Alessandro: Oh, yeah!! Anybody who is in freelance work, especially artistically, knows that it comes with all the insecurity and the ups and downs. It's a really frightening life. There are definitely days where you think you want to kill yourself. (all three laugh) And you try not to take it out on the people nearest and dearest to you, like Ethan did. Sometimes it's unavoidable.
Cynthia: Abigail, how did you become an actor?
Abigail: I sort of fell into it, I did a commercial when I was three. My mom didn't ever think I would take to acting because I was a very shy, very reserved kind of child. But obviously, something changed!
Cynthia: Often in films with new music, there is only one songwriter. Here, you were each given your own songwriters, Gemma Hayes and Eef Barzelay, to ensure you had different musical voices. How did that change your dynamic?
Alessandro: It was very important because there's so much awkwardness between the two of us for such a long time that the music becomes the thing that we bond over.
Cynthia: Do you have a daughter, in real life?
Alessandro: I have a daughter and a son.
Cynthia: What aspects of having your own children did you apply to this part?
Alessandro: The thing that resonated in my own life, was the challenge of living an artistic life. Acting can be very selfish and all-consuming. The idea of having a family and trying not to sell them short. That's a constant balance I'm trying to find in my own life, because I usually end up feeling that I've tipped one way or the other. You live with this guilt all the time. In a lot of ways, that's what the movie is about.
Cynthia: Is it a juggling act?
Alessandro: Definitely! I was just telling Abby's mom that I felt terrible last week, I was on a film set, it was Easter, and I couldn't visit my kids, and she was saying, "I feel the same way, with my kids." (to Abby) But you'd never know it, in your case. She so dedicated to you.
Abigail: I know. I'm incredibly lucky.
Cynthia: In the story, you're supposed to be on tour. Where did you shoot this film?
Abigail: Des Moines, Iowa. I had never been there before in my life, but I became very well acquainted with the Jordan Creek Mall. I could really be a spokesperson. "On the left here, we have Hot Topic and Abercrombie..."
Alessandro: You were there when you had only ten minutes in between scenes! (laughter)
Cynthia: Did you ever go to the mall together?
Alessandro: I was always wanting the tour, but you guys were gone before sun-up! (laughter) You guys were the ones banging on the glass doors on the dot of nine to open up!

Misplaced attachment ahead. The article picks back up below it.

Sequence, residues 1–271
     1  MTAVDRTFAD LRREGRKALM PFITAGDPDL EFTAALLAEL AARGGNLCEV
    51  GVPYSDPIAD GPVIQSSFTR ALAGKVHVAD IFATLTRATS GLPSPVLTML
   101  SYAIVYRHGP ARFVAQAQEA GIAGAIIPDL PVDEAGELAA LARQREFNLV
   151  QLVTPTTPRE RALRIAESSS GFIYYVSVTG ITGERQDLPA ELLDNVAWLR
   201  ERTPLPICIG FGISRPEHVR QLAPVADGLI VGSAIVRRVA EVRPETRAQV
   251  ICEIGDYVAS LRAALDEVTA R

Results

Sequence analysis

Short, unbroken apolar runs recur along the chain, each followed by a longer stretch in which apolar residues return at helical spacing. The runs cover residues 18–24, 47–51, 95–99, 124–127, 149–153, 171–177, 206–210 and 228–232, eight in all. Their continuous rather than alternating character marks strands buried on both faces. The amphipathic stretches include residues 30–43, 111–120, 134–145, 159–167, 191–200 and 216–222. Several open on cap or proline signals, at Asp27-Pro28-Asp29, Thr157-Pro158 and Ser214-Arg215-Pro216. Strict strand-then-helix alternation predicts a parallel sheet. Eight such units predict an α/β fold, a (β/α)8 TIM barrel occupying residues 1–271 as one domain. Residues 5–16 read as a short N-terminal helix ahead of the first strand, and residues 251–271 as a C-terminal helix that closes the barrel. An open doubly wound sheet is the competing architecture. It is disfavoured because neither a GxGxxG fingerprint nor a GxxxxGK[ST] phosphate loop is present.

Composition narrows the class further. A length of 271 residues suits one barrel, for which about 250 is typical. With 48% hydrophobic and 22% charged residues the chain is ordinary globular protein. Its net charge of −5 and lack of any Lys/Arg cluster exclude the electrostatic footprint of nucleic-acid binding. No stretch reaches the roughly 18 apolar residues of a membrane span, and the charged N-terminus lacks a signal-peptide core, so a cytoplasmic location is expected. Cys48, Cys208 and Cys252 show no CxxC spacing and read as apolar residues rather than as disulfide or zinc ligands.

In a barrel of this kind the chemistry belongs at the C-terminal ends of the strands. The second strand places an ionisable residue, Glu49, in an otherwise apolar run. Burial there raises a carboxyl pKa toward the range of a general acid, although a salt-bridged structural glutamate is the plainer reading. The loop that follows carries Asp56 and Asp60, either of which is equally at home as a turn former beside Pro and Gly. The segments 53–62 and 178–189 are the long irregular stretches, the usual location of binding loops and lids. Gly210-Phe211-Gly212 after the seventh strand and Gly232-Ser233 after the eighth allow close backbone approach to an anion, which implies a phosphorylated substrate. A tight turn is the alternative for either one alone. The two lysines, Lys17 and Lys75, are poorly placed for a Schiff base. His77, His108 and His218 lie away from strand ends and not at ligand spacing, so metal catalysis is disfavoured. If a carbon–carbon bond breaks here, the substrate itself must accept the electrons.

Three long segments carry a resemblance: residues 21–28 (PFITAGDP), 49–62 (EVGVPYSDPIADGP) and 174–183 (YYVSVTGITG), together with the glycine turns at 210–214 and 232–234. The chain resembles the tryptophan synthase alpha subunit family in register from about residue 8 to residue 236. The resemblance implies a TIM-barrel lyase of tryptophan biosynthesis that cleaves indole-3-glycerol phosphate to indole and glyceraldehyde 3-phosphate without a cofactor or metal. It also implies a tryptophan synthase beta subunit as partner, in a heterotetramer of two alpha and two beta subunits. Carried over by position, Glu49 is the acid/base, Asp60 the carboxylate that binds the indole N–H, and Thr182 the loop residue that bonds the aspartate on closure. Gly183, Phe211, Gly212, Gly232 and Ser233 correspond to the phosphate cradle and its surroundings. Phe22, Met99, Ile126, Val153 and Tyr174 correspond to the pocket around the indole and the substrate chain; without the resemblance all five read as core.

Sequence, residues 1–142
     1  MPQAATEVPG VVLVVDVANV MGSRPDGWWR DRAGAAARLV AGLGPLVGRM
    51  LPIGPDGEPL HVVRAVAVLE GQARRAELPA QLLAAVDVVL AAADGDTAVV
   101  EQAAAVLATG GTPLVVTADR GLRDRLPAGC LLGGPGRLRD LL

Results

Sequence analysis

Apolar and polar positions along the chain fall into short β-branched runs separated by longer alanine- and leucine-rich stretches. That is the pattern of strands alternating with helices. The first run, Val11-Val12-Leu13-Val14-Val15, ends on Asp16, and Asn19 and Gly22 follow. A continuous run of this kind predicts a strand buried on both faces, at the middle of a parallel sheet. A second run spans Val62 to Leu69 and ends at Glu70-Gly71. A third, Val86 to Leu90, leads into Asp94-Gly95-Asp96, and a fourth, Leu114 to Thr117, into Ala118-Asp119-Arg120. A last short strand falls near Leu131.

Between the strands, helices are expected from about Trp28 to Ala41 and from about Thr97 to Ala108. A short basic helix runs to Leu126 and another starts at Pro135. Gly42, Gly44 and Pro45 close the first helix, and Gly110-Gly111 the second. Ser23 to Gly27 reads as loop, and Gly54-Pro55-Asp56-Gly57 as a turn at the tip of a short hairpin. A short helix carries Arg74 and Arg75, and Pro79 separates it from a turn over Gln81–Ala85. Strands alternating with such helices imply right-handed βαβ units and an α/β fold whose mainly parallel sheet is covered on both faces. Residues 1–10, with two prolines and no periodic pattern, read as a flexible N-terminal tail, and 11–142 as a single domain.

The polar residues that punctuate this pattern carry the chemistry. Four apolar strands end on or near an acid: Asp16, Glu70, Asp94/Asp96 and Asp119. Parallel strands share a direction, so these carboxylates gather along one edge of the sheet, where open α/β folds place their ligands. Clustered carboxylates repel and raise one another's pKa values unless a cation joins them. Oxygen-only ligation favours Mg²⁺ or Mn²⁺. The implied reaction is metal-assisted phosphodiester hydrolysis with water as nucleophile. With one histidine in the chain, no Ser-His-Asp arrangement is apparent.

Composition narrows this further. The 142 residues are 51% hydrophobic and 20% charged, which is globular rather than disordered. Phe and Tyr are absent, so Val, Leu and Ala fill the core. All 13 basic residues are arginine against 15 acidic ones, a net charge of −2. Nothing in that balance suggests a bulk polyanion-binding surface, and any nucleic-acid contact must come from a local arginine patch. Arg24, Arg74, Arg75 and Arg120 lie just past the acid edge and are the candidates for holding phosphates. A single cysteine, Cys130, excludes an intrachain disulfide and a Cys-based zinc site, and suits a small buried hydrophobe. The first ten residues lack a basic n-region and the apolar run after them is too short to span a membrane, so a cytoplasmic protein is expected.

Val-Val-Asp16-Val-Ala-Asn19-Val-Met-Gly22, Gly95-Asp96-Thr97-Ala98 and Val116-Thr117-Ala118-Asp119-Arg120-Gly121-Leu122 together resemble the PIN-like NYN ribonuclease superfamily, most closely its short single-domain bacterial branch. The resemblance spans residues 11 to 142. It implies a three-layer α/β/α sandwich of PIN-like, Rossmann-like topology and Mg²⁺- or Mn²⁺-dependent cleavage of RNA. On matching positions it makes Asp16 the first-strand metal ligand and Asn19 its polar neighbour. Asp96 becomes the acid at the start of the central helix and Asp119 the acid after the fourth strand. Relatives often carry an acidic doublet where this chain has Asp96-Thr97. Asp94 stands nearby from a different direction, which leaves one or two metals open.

Abigail: The Jordan Creek Mall. I love it so much. I wish I could go back.
Cynthia: (to Alessandro) The rapturous look on her face right now is like how some people describe Lourdes, the religious shrine in France.
Alessandro: At least she doesn't smoke!
Cynthia: True, a much-lesser vice for 'young Hollywood!' Alessandro, how did you come to this project?
Alessandro: I was cast in this movie in the 11th hour. When I did Laurel Canyon, it was a whole different deal because we had a fancy record producer who was recording the music and it was only one song. Here, we had no producer. This was: Can you fly to Des Moines Iowa in three days and record fifteen songs between the two of you? Learn them yourself, and figure it out. In a basement!
Abigail Breslin and Alessandro Nivola. Portrait by Leslie Hassler.
Cynthia: What do you think this movie says about fathers and daughters?
Alessandro: It's about the commitment that you have to give to your child. From Ethan's perspective, it's about someone who never had any responsibility to anyone other than himself. And suddenly having a huge responsibility, to someone, to his own flesh and blood.
Abigail: For Janie, all she's ever had was her mom, and her mother was not someone that she could ever really rely on.
Alessandro: And neither was I! (laughter)
Abigail: I think what's kind of great about them is that, in a strange way, they are a good fit for each other. He wasn't ready to be there for her, and she was already used to taking care of herself.
Alessandro: I think that might have been part of what was attractive to Ethan, in terms of accepting you as his daughter. That you were so independent and didn't ever let on that you were needy for a parental figure. You are this girl who is constantly impressing him with her autonomy. And musical talent.
For more about Janie Jones: http://www.tribecafilm.com/filmguide/janie_jones-film34788.html
To see photographer Leslie Hassler's work: http://lesliehassler.com/
Follow Cynthia Ellis on Twitter: www.twitter.com/CynthiaJEllis